4. Discourse analysis

4.1. Home is the place where women can live their sexual identities freely

All of the participating women defined home as a legal place where religious women can display their sexual identities. Although their ideas about limits of this legality differ, home is identified as the most private space in religious Muslim women’s lives.

The participants presented religion-based facts regarding the holiness of marital life and maintaining their health, and agreed that the private relationship between partners has no limits other than those determined by religion, namely not to have sexual intercourse during their menstrual periods6 and livata.7

“I think there is no limitation between wife and husband. It is also acceptable for women… Men should satisfy their wives. They should do whatever their wives like. I mean, it is mutual” (G-11).

The statements of G-11, who is veiled in her social life outside the home, defend the spatial segregation principle based on Islam and satisfying pleasures that religious people need is supported as a religious task. The participant defined marriage as a legal and beneficial place for partners to achieve satisfaction, and identified mutual emotional satisfaction as a task that is necessary for a healthy marriage. According to the social actor (G-11), while unveiled women display their femininities in their social lives, those who are religious display femininity and are only sexual in their homes.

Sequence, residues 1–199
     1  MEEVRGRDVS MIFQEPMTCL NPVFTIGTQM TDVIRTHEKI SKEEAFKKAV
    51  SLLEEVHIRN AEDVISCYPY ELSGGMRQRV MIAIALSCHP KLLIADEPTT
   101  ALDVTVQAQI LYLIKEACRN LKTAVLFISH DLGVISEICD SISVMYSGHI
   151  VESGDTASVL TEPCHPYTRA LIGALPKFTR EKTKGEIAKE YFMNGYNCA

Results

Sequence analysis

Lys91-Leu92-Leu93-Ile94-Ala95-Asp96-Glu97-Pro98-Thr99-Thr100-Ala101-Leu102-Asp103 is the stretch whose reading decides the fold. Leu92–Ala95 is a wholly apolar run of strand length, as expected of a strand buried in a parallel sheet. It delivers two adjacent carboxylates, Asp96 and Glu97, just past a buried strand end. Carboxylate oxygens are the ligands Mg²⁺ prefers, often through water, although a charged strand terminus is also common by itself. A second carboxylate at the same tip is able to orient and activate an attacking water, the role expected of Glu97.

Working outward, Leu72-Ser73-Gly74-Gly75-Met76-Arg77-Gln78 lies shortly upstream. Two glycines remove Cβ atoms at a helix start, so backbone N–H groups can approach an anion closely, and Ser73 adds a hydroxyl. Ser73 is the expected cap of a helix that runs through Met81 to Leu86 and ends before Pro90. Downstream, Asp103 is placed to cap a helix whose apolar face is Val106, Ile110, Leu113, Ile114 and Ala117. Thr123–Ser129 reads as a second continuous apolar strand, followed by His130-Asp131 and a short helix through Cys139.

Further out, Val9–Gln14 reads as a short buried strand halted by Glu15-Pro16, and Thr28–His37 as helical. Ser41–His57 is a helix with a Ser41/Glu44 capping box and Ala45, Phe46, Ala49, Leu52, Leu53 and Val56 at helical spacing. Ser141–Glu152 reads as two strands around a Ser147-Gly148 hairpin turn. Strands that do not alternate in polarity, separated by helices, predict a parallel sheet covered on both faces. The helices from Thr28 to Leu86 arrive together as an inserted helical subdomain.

The homes of people who prefer to live according to Islamic rules are seen as being free of religion-based barriers in social life at a certain extent. G-12 enthusiastically spoke of her relationship with her husband and emphasized that her femininity in private has only religious limitations. G-12 specified the romance level in her marriage saying, “In the first year of our marriage, we were always having candlelit dinners,8” and claimed that feminine attraction should be very strong in religious women’s homes. G-12 states that women can unveil themselves and wear attractive clothes only in front of their husbands, which suits the principles of the Jamia.